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enhancement to the support which the Department and armed forces can provide to the civil authorities in such circumstances in three areas:
by formalising the role of 2 Signals Brigade, and its predominantly Territorial Army subordinate units, in supporting those personnel deploying in response to a crisis, and enhancing its communications equipment accordingly;
by using reserve personnel to improve our contingency planning, and the machinery by which the civil authorities can gain access to support from the armed forces in a crisis.
Dr. Moonie: The agency was originally launched as the Disposal Sales Agency in October 1994, and was re-launched in November 2000 as the Disposal Services Agency. The agency provides much more than a sales function for surplus Ministry of Defence equipment and stores. It provides a total disposal solution by acting as a broker and adding value through expert advice across the public sector. The agency is therefore operating very much in line with the Government's aim of more joined-up delivery.
Chris Grayling: To ask the Secretary of State for Transport, Local Government and the Regions if he will list the major transport investment projects that have been given final go-ahead by his Department since 7 June 2001. 
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Extensions to the Heathrow Express and the Piccadilly Line to Heathrow Airport Terminal Five
Oldham Retaining Walls
A689 Sedgefield to Wynyard improvements (Durham)
Barnsley Coalfields Link Road Phases 2 and 3
A2 Bean-Cobham Widening Phase 1.
Chris Grayling: To ask the Secretary of State for Transport, Local Government and the Regions what legal powers he will hold to require Network Rail to change the nature of the use of sub-contractors for network maintenance. 
The management of maintenance contracts would be a matter for Network Rail, if it succeeds Railtrack as network operator. The guidelines issued by my right hon. Friend the Secretary of State on 31 October 2001 specify that bidders should demonstrate proposals for focused and effective contract management. Network Rail has said it plans to improve relations with maintenance organisations through longer contracts, better alignment of incentives and by awarding contracts on the basis of best value assessmentsnot necessarily the lowest price.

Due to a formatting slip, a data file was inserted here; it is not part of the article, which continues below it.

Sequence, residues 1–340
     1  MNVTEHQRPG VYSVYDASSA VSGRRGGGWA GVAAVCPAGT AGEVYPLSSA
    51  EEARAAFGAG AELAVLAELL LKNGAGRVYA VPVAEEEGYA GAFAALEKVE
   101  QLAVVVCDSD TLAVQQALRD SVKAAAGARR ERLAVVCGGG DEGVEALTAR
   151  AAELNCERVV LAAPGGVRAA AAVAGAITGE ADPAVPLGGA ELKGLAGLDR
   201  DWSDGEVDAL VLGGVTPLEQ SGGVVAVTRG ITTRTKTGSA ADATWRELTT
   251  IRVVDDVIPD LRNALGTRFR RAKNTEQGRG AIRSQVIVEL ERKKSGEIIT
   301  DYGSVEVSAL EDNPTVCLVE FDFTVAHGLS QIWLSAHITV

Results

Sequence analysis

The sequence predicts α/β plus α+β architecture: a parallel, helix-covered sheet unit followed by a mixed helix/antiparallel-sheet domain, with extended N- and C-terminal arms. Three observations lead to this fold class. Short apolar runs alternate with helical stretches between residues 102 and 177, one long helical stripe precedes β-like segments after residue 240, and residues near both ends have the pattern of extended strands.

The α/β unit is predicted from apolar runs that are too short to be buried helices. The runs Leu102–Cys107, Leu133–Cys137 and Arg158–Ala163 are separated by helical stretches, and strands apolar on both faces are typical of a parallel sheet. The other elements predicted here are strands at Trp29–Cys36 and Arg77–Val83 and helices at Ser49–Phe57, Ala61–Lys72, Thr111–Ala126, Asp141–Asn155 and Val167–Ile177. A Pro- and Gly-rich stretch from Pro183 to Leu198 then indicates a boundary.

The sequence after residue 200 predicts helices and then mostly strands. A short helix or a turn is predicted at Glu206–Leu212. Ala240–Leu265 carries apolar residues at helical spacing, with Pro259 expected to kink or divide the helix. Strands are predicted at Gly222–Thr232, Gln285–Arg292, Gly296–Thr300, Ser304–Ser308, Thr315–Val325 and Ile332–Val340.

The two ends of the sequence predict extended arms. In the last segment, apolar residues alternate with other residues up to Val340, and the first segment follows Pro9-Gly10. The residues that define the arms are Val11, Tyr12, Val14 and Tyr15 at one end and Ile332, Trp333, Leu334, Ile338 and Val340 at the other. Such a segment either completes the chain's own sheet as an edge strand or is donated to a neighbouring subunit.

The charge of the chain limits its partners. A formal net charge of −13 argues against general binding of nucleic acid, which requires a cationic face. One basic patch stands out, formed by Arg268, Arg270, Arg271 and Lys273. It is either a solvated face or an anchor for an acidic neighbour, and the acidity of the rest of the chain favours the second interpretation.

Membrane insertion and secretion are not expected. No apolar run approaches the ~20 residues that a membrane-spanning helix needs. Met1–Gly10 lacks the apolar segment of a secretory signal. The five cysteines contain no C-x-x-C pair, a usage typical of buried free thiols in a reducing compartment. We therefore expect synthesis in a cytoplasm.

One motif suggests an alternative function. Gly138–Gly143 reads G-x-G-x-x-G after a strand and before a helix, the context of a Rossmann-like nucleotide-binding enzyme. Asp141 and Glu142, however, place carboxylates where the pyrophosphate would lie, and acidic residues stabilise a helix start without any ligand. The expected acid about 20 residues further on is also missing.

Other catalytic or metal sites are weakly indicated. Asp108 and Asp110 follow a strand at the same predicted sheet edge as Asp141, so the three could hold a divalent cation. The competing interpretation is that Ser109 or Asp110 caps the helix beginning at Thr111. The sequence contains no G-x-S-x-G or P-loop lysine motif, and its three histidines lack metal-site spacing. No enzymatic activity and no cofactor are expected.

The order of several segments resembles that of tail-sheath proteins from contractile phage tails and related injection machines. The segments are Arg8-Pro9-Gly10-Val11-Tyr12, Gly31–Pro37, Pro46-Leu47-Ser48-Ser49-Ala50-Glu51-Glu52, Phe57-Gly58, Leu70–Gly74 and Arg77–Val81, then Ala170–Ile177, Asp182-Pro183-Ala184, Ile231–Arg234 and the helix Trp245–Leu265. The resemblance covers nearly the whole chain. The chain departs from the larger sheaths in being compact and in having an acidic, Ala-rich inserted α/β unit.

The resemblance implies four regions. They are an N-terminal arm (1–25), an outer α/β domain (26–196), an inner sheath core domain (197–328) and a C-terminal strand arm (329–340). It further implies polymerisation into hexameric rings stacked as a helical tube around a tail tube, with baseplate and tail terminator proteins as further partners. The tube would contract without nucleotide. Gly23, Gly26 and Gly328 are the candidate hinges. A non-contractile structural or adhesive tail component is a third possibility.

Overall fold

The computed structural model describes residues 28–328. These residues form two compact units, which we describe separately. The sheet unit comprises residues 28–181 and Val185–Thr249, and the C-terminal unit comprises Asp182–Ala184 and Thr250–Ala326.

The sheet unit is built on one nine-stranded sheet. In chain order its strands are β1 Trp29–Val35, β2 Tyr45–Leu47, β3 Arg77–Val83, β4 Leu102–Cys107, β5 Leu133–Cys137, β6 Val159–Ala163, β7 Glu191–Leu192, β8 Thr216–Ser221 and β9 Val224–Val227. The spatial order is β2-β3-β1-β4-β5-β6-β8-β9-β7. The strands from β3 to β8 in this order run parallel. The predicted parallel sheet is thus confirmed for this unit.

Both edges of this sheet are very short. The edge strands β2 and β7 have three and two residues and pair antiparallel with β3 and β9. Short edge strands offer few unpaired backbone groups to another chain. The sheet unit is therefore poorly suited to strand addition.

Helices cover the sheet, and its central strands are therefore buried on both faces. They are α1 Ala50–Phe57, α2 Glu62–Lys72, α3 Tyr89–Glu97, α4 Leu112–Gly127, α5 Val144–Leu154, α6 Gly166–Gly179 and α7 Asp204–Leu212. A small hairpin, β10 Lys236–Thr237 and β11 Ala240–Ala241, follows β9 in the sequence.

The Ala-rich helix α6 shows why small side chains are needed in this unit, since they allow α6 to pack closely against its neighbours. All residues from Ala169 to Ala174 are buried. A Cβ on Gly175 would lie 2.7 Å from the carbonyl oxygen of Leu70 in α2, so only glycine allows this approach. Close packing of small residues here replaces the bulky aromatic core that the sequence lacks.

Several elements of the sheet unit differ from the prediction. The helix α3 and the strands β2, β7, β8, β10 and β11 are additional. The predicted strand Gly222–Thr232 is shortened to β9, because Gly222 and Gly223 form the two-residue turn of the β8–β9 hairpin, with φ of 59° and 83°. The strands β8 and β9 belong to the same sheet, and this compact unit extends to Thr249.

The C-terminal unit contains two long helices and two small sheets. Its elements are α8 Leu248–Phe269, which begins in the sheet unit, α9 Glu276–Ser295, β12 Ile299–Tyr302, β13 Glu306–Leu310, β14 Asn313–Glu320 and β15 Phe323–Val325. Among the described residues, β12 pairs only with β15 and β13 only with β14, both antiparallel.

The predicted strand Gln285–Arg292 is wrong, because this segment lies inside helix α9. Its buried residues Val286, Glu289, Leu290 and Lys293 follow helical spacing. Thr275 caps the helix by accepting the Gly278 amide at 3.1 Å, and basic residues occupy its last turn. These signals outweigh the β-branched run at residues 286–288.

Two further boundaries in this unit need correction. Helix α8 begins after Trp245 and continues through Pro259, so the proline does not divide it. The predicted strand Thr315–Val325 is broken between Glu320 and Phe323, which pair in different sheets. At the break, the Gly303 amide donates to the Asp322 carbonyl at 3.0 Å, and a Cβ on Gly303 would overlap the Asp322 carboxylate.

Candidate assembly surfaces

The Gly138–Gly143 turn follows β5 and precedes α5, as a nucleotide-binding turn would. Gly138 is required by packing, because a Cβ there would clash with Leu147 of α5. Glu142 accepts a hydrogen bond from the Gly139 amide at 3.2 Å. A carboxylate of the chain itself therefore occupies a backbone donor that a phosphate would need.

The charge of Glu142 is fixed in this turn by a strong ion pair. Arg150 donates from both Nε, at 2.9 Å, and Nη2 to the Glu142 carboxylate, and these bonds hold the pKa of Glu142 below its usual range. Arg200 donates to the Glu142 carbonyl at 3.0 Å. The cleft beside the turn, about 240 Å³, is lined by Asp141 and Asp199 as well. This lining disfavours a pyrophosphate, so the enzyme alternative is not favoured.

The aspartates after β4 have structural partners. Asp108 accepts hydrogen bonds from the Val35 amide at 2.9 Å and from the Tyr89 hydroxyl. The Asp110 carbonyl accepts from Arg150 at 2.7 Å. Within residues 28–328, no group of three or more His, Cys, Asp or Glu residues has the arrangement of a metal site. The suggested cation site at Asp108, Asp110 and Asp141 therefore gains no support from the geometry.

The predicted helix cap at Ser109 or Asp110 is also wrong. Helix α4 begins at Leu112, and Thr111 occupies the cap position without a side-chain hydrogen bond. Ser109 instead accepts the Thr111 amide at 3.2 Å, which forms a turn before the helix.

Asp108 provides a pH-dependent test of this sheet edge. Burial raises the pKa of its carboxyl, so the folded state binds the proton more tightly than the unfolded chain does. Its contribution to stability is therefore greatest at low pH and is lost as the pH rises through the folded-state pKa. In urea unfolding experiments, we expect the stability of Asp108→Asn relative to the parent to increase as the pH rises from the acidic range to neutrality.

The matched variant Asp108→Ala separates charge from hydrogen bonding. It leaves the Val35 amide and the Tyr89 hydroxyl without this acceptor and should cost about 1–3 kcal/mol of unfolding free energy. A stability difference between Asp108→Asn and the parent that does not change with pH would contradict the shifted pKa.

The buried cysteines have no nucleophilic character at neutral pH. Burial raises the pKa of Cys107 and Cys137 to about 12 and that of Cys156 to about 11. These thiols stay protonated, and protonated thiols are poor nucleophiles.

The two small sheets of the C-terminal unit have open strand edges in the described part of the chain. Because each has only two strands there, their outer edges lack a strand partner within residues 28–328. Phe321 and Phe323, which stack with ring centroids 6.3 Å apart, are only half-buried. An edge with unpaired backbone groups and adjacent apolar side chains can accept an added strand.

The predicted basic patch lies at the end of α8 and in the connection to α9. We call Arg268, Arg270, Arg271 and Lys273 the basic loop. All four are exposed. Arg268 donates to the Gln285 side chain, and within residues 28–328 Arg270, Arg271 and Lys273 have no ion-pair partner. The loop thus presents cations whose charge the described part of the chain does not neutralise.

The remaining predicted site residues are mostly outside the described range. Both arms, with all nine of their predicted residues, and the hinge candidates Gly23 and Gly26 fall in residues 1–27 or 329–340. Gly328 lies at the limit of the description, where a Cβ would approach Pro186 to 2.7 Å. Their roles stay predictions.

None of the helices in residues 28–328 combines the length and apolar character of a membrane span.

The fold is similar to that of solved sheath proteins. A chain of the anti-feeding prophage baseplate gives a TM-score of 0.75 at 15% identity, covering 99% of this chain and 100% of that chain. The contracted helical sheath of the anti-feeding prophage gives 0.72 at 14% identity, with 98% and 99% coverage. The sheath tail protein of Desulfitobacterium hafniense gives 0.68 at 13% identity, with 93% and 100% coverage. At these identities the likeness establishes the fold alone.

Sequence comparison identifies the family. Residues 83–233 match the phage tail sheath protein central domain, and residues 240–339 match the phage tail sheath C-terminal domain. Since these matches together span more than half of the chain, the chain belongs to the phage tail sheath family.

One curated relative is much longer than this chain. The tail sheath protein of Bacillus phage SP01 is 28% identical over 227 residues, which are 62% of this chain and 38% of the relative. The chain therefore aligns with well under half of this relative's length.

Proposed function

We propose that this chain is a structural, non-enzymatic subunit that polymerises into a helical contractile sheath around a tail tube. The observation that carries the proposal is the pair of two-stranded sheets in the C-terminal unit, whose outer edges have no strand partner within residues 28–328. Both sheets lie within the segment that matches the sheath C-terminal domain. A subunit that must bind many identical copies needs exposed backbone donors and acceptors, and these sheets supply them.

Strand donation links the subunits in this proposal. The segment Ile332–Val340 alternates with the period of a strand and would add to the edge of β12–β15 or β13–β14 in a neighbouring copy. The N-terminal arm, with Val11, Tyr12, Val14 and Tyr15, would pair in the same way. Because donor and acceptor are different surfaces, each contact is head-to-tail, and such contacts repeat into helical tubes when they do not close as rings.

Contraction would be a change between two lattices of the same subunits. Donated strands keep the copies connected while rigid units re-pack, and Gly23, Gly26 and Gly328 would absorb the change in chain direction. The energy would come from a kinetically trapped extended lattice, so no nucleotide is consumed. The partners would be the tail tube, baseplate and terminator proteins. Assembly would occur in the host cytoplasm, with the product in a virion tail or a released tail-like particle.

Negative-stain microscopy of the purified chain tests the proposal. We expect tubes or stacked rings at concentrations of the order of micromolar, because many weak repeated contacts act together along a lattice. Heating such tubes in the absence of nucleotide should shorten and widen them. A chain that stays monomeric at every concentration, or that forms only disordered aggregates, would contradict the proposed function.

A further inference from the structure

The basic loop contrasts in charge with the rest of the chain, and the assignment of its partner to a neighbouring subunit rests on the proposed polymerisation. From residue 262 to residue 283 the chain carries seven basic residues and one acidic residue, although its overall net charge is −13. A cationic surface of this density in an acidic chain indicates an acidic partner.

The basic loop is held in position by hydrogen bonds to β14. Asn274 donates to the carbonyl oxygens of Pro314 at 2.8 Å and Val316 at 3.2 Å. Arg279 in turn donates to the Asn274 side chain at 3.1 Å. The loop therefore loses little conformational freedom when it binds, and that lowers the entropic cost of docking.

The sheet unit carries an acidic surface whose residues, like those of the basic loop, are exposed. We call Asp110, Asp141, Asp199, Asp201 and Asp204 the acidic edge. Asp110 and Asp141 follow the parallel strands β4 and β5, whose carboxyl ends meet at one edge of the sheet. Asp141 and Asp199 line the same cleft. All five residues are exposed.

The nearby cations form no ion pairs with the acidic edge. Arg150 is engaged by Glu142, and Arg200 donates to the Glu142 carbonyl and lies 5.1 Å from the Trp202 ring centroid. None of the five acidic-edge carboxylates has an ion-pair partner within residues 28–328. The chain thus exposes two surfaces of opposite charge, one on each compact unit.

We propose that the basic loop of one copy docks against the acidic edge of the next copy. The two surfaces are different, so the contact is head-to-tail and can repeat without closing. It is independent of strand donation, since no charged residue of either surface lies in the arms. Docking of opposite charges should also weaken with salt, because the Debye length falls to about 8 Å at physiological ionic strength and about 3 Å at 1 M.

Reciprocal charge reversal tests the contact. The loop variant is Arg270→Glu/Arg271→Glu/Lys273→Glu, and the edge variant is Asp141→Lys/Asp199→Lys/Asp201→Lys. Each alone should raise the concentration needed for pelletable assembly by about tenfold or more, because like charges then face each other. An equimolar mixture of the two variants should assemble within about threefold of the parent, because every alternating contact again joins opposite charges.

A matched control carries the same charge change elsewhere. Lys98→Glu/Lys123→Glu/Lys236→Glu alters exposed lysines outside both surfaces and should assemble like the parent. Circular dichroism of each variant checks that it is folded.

Mr. Darling: As the Government announced in October 2001, they have been considering whether the railways regulatory framework continues to be fit for purpose given the changing circumstances faced by the UK rail industry. The Government's considerations have been guided by a number of key overarching principles:
Ensuring that public expenditure on the railways delivers the Government's objectives and achieves value for money;
Ensuring that the level of public expenditure on the railways respects and reflects the Government's overall spending priorities, including the 10 Year Plan;
Keeping the burden of regulation to the minimum level necessary; and
Ensuring a stable, well led industry with clarity of roles.
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and electricity industries (Utilities Act 2000) and postal services (Postal Services Act 2000) and is in the course of being done for the Office of Fair Trading (Enterprise Bill) and the telecommunications and broadcasting sectors (Communications Bill).
The regulator's duties include requirements to have regard to the SRA's strategies and budget. In view of the importance the Government attach to continued close working between the SRA and the regulator on these matters, I intend to issue directions to the SRA and guidance to the regulator on how I expect these requirements to be reflected in any future review of the network operator's revenue requirements.
The Government will need to continue to keep the effectiveness of the regime under review as the rail sector develops. The implementation of EU Directives already requires the Government to review the regulatory framework and adjust it in accordance with the Directives as necessary (the implementation of the First Railway Package of Directives is due by March 2003).
In making any further changes to the regulatory regime, the Government will continue to have regard to all of the principles set out above, treating the first one on independent economic regulation as an essential continuing requirement. Should the Government conclude that any change is required, they would consult key stakeholders on proposals in the normal way before bringing forward appropriate legislation.